As a pair, we presented quite a challenge when it came to sizes – Other Half is a 7 (most men’s start at an 8), I’m an 8 1/2 (most girl’s stop at an 8), so we expected choice to be limited, however, Sue the Manager was more than happy to order in multiple pairs in our specified sizes. We both tried on many pairs (even if the size wasn’t quite right) to gauge the difference between gel support (like Asics) and air support (like Nike). Both work well, it simply came down to preference once you have the shoe on (gel supports can sometimes feel more prominent inside of the shoe). We ran on the treadmill to see which styles gave the best support and, corrected my over- pronation. It is amazing how much difference a pair of well supported trainers makes to your running style! Other Half settled on a pair of Nike+ that were in his size, and I was stuck between a pair of Mizuna and Nike+, both of which made me run properly and were top in my style stakes. Sue the Manager said she would order them in for me and give me a call when they arrived.  

10 days later, I went back to the shop and tried each pair on, mentally
comparing the two and crossing off a checklist in my head;  

Most comfortable – both
Most stylish – both
Most supportive – both  

Hmm, I am rubbish at making decisions and missed the wise words of Other Half, who always thinks of something that makes me sway one way or the other! I walked round and round the shop with 1 of each shoe on, trying to decide and failing miserably. Sue the Manager came to my rescue by suggesting I run on the treadmill to directly compare which felt more comfortable. It was a genius solution as after 10 seconds, I could tell that the Mizuna’s fit me like a glove. 

New Mizuna trainers!

New Mizuna trainers!

I paid £85 which I thought was a reasonable price for the trainers, you also get a 30 day guarantee so if you have any problems with them, they will help you find and swap to a better fitting pair.  

Best of all, the great advice came free from Sue the Manager. I don’t know if this sort of knowledge is standard in all Sweatshops, but her customer service, attention to detail and, willingness to help us find the perfect footwear for our needs was second to none – I can’t imagine shopping anywhere else for all my future running requirements.  

Yesterday, I did the first outdoor run in my new trainers. Despite sporting a freshly burst blister (from work shoes) on each foot, they didn’t rub at all. Imagine if you could jog comfortably in slippers; that would describe the effortless, cloud-like feeling on my Mizuna shod feet!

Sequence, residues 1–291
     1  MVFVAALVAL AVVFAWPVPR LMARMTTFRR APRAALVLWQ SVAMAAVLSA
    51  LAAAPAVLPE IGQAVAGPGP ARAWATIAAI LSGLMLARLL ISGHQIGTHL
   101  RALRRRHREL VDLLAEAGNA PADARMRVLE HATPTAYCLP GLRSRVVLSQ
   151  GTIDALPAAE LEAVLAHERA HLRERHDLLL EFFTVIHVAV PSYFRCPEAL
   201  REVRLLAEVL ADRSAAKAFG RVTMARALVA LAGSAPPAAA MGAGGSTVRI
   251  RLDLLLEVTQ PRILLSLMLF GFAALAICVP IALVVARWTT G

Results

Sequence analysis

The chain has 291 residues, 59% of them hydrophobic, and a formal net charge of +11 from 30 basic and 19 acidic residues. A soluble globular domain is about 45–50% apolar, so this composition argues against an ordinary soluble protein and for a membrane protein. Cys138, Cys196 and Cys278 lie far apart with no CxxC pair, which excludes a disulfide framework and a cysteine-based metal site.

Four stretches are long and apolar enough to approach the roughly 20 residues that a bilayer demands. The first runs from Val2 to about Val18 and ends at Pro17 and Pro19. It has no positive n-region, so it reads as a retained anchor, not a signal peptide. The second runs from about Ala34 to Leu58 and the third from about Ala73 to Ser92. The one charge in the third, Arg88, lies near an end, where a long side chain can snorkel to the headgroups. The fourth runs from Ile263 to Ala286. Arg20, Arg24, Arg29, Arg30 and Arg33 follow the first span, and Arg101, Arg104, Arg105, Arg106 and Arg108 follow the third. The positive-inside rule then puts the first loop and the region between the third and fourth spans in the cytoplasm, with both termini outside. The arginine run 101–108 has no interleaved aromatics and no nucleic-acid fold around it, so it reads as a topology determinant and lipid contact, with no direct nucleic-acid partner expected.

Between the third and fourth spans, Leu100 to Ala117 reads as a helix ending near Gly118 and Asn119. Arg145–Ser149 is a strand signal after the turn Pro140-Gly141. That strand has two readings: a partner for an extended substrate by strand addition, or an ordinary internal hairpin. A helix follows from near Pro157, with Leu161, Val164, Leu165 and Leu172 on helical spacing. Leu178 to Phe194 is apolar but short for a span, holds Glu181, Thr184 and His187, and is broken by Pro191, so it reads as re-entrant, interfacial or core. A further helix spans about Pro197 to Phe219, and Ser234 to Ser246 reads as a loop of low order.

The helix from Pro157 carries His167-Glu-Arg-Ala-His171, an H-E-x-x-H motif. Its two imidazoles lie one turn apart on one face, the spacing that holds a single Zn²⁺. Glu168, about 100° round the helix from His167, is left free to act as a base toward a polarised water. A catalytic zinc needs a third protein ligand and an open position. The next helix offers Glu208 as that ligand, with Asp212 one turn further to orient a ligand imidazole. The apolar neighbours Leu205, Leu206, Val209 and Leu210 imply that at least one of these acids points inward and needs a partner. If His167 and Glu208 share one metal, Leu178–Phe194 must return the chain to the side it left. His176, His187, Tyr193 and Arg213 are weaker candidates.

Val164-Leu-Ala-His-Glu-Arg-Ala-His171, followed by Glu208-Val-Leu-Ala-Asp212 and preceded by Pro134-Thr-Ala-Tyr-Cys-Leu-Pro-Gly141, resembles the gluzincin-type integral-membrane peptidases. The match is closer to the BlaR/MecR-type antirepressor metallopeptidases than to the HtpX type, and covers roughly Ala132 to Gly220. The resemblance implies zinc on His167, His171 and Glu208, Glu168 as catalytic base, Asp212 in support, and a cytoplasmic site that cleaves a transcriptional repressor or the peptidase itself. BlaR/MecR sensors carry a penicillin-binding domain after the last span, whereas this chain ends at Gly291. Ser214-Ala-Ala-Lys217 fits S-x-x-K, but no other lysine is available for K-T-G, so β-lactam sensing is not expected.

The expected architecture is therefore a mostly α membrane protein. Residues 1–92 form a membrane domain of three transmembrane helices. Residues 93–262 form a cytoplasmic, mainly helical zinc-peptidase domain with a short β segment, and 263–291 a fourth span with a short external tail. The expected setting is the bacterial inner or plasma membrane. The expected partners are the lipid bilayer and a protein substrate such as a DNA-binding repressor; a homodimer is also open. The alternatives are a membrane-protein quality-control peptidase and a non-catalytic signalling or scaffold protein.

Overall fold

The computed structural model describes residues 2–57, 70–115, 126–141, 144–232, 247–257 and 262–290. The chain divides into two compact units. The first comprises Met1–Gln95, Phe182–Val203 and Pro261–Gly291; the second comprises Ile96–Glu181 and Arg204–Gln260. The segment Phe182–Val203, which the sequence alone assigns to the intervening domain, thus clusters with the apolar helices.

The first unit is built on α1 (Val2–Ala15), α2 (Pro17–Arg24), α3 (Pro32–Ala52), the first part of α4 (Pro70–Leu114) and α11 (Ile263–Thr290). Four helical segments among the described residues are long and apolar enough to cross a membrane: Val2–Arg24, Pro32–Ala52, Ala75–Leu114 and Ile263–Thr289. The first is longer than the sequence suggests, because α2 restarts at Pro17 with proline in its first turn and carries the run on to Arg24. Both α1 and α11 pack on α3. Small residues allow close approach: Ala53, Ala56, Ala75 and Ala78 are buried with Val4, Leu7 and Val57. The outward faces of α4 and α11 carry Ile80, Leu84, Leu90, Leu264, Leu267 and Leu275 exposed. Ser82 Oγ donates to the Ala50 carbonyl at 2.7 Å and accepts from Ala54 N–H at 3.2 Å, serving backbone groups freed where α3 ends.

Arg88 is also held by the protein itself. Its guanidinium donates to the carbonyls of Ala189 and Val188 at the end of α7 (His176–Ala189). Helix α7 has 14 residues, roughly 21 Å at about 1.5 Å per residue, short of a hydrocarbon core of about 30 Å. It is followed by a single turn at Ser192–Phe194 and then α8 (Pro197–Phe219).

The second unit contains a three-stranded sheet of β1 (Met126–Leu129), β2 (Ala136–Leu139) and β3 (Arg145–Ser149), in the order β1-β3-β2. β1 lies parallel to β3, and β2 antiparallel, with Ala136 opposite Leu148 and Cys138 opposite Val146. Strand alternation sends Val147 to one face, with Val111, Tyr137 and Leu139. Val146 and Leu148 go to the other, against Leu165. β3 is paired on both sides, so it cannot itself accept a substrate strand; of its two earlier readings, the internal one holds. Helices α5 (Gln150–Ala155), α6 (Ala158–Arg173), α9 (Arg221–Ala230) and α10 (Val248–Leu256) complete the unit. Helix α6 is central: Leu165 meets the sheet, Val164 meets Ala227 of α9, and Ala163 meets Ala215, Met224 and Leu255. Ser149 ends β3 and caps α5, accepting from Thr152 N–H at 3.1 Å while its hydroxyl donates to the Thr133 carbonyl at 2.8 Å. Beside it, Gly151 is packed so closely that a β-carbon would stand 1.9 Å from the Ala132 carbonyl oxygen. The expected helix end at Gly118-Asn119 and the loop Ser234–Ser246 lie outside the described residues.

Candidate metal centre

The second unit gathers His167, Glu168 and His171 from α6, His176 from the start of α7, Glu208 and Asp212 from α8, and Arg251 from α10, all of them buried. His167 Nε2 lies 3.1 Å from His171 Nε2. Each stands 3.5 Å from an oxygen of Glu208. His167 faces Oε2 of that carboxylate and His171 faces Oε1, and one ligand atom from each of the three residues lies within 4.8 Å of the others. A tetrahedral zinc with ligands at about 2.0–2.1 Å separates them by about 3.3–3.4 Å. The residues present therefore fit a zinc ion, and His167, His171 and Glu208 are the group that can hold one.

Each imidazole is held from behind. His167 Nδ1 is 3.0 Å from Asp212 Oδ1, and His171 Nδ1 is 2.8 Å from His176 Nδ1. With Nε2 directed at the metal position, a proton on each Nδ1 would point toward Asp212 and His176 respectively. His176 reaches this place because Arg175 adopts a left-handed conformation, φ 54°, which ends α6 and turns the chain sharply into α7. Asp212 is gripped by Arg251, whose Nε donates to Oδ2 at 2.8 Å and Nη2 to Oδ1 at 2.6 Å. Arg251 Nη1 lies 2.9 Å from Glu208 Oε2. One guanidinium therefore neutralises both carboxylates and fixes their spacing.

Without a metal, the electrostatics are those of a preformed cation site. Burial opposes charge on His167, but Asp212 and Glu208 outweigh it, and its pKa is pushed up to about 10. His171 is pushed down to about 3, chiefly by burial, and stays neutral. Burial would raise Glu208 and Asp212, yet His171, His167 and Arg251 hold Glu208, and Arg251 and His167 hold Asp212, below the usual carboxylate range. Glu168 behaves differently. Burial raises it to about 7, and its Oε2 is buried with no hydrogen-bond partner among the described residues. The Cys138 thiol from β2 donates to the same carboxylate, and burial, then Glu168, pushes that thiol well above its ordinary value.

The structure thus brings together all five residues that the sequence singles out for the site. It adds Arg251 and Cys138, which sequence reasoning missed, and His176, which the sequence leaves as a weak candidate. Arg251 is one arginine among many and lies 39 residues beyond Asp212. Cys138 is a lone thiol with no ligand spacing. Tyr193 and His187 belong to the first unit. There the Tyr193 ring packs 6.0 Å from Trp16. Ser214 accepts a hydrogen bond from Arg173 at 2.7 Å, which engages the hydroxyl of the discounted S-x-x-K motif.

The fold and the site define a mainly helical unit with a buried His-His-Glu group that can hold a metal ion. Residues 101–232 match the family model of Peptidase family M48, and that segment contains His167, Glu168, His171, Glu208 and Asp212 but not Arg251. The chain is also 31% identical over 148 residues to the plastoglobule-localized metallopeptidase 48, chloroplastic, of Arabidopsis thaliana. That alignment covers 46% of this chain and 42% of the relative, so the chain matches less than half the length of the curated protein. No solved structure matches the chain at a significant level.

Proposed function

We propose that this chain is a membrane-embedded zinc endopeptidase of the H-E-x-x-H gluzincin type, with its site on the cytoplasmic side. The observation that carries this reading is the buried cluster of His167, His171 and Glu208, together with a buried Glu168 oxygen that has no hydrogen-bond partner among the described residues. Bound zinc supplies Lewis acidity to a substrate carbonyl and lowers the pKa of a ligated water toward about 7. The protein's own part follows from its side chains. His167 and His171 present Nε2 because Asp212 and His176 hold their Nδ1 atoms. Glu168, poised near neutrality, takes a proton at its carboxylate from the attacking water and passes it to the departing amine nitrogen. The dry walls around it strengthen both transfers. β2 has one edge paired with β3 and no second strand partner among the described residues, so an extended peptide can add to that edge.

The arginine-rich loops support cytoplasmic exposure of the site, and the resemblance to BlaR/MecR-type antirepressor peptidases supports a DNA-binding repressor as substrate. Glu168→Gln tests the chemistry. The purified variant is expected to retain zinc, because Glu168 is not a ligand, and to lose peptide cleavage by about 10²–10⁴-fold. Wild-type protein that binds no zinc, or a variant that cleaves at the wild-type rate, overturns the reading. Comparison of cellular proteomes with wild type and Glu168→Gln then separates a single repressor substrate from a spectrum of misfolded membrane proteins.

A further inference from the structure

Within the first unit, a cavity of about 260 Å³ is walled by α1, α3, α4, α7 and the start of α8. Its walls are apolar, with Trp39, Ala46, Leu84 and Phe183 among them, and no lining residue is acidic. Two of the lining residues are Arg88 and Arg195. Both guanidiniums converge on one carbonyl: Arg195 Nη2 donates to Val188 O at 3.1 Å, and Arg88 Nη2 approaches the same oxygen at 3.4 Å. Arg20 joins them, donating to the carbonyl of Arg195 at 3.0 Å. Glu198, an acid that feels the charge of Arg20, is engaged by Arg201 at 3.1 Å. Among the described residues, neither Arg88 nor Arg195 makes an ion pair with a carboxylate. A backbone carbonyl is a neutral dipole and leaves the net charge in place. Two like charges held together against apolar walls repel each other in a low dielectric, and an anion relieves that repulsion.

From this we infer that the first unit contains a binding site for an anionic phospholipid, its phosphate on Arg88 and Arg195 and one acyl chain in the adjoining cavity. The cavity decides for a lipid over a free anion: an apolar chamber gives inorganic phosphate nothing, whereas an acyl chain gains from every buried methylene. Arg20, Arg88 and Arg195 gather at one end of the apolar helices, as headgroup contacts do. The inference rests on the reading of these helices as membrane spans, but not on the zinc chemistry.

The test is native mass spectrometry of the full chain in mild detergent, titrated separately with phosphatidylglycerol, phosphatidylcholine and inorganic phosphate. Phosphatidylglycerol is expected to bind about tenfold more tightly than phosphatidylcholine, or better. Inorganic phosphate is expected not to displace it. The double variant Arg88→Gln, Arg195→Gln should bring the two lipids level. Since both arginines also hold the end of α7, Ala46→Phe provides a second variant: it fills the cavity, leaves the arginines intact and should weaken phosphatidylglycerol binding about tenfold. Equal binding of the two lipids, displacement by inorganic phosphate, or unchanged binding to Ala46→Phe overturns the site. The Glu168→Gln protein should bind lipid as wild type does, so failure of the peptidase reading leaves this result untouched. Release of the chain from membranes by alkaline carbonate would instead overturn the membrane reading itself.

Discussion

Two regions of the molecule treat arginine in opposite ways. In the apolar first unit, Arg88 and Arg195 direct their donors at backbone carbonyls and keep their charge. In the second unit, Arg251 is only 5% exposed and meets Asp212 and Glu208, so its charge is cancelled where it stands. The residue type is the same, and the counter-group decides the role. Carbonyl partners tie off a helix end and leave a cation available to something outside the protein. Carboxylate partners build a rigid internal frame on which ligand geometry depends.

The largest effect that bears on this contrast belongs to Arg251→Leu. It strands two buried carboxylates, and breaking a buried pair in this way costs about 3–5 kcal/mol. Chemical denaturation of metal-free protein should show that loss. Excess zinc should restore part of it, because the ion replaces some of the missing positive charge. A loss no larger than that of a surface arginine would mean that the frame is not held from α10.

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20 minutes and counting…

Since identifying that I might actually enjoy running, I’ve started going to the gym without a dread of ‘I can’t do it’, more a wonderment of ‘Wow, this running lark is getting a little bit easier!’ After completing my cardio, I jumped onto the treadmill for the 20 minute rolling hills program (still thinking ‘eek, gradients!’) Annoyingly, I had forgotten to pack my headphones so could only watch the tv screens ahead of me and listen to the gym soundtrack which luckily, was pretty good. I did a steady 5 minute walking warm up and then started to jog.

The usual routine consists of me telling myself not to look down at the time/distance for as long as possible, because once I have, the countdown to finishing starts in my head and I seem to be checking every minute before I get to the end! This time, I decided to jog and only look at the time when I got to the point of tiredness and wished it would stop. Now, I can only guess but after about 10 minutes, I was still running on changing gradients and feeling comfortable, it was really strange as over the past 6 weeks, I could only identify with running for a few minutes and then really wanting to stop! I kept jogging and didn’t check the time because by now, I had made a pact with myself that I could get to the end of 20 mins without stopping.

Curiosity about the remaining time was killing me but, I refused to look as I needed to proudly tell Nick the Trainer and Other Half that I ran 20 minutes and it wasn’t a struggle. Suddenly, the treadmill slowed down and that was the end of my programme, woo hoo! I can genuinely say the first 18 minutes were comfortable and, it was only the last two where I could feel the familiar pain of the DREADED STITCH starting and I was breathing more heavily.

After many weeks of complaining to Nick the Trainer that I wasn’t making any progress, out of the blue, my running gene has finally kicked in! Next step; getting fitted with real runners shoes (cause I’m a proper runner! :o)

Pounding the pavements for the first time…